Some additional thoughts related to David Meerman Scott’s book The New Rules of PR and Marketing. (Also see my last post).

David opens the book by describing his frustration when going to the internet, in casual shopping mode wanting to learn about and compare car models, and finding only 0% financing come-ons and old-school advertising.  This has changed to some extent in recent years.  His anecdote was used to illustrate that Detroit’s “Big 3” (they aren’t the biggest three anymore) are clueless when it comes to offering useful content and building a relationship with the prospective buyer.

The irony is that Saturn, the one company that did indeed introduce you to the people who built the cars (in their ads), offered straight-forward no-haggle pricing, and pioneered other trust and reputation-building efforts, is now going out of business. They never really made any money.  Great cars though – I drive and enjoy a Saturn Aura XR now, and my family members have owned many.   Customer loyalty seemed to be high – the ION won the Polk Automotive Loyalty Award four years in a row (2004-2007 model years).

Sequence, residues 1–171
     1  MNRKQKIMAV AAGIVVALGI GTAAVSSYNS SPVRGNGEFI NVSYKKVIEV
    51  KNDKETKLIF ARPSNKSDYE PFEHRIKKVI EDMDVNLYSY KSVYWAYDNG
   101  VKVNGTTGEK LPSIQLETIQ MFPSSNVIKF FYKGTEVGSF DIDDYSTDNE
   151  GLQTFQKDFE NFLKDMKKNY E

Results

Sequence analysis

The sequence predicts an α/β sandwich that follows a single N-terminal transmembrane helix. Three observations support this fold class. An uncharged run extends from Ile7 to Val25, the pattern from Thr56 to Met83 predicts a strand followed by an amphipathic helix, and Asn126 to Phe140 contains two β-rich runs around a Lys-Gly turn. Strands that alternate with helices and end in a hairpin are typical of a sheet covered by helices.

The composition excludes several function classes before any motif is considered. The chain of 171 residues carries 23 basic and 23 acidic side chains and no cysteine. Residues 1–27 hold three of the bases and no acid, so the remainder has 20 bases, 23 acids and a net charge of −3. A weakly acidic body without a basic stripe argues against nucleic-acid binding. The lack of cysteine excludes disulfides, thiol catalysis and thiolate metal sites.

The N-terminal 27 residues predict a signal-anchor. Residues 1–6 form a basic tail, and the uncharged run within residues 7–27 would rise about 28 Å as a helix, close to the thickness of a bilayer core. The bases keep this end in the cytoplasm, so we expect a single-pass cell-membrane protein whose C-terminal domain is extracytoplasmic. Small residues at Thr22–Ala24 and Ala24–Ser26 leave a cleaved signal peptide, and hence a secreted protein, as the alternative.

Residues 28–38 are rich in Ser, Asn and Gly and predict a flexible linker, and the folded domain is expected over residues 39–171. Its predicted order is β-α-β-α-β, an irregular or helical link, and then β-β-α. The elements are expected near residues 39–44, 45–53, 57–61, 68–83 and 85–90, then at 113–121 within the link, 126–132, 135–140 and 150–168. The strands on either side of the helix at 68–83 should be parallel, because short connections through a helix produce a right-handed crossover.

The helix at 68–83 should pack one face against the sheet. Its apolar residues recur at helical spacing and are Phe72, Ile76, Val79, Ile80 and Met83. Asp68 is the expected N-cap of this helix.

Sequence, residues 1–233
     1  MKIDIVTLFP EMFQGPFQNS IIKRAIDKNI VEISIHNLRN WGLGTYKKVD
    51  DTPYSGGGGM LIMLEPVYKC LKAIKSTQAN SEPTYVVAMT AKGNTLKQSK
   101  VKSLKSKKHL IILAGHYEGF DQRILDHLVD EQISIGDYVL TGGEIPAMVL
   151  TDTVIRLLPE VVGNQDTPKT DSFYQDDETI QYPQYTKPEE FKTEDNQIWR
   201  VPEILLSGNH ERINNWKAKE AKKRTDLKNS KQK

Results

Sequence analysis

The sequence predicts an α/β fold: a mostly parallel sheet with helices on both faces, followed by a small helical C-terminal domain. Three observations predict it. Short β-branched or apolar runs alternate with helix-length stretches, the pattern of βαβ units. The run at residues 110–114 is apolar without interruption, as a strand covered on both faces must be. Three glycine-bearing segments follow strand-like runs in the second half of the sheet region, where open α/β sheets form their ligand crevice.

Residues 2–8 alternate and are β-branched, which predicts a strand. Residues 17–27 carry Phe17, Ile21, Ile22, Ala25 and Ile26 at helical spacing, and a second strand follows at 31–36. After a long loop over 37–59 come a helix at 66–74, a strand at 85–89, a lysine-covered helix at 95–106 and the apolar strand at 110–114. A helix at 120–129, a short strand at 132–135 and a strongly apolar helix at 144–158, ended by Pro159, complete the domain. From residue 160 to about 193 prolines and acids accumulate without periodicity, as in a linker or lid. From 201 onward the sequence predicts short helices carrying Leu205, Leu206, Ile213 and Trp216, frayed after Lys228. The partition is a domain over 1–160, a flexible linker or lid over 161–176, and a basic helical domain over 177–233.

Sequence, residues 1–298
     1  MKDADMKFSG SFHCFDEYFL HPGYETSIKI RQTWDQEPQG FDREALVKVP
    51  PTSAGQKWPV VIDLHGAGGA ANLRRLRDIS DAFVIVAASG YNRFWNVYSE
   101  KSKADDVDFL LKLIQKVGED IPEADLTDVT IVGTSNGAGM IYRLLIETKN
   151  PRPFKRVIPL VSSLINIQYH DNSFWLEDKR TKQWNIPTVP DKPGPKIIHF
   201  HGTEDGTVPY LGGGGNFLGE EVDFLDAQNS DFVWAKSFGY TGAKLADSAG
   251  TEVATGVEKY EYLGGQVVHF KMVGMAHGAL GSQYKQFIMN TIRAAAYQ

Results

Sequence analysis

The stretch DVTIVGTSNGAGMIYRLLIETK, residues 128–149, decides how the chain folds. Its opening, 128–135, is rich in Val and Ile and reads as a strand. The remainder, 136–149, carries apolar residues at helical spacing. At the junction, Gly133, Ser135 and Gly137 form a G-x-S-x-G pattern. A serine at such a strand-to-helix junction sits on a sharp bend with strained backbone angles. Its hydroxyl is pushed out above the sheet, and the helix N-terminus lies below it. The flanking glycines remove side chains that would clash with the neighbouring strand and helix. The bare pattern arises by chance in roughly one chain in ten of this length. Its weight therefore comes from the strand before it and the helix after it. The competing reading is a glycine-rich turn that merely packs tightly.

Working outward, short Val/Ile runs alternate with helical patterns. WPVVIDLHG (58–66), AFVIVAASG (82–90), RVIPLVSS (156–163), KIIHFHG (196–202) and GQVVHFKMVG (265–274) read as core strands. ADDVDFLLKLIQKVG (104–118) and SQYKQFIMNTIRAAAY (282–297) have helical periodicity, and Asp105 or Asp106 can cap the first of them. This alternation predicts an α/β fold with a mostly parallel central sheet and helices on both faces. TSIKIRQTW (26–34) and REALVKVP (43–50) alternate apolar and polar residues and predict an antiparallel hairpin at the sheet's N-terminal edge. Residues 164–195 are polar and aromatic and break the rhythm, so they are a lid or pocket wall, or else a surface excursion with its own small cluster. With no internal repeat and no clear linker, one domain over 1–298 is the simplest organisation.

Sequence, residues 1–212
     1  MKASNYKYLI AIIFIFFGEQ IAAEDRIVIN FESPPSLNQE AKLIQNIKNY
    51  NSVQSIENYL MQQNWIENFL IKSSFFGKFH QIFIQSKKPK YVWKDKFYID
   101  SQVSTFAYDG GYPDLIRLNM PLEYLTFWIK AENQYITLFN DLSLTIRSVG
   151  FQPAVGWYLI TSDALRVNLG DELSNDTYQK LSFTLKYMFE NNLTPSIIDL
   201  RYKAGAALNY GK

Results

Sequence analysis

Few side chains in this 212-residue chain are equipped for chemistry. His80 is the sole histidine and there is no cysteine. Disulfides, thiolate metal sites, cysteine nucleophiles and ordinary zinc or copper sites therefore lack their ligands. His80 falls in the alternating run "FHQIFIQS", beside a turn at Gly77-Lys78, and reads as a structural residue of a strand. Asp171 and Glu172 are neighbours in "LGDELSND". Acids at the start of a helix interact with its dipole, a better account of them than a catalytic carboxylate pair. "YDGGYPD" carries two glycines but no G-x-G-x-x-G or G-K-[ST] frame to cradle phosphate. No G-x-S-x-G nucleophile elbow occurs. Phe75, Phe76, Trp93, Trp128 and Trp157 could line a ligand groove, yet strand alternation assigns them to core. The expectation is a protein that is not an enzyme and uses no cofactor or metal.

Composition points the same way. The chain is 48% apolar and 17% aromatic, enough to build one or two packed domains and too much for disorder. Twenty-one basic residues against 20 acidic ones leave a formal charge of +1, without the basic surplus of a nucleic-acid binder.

Loved my Saturn Aura XR, with tap shift, on a recent solo day-long drive down the Pacific Coast Highway, from the Bay area to L.A.

Lessons learned?  The auto industry is a very crowded marketplace, and it’s not hard to find a high-quality car, no matter what your price range.  Saturn also lost some of its unique positioning when it started glomming onto GM’s platform-oriented models. Perhaps the question is:  was Saturn’s “voice” perceived to be sincere, or it did it seem more like a calculated advertising scheme?

One thought on “ Was the Saturn Car Company Authentic Enough? ”

  1. I think Saturn could have survived if it really was a stand-alone company. But GM seemed to focus too much on making the various brands (Buick, Oldsmobile, Chevrolet, Caddillac so similar in the way they were made and sold as to iron out the good differences.

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